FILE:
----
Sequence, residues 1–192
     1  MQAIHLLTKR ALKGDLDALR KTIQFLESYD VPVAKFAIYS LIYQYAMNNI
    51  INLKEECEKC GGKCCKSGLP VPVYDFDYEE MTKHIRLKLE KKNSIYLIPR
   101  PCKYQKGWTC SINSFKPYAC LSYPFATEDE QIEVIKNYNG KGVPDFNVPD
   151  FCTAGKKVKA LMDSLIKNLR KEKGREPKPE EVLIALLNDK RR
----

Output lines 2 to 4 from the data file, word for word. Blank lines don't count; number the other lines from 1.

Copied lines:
     1  MQAIHLLTKR ALKGDLDALR KTIQFLESYD VPVAKFAIYS LIYQYAMNNI
    51  INLKEECEKC GGKCCKSGLP VPVYDFDYEE MTKHIRLKLE KKNSIYLIPR
   101  PCKYQKGWTC SINSFKPYAC LSYPFATEDE QIEVIKNYNG KGVPDFNVPD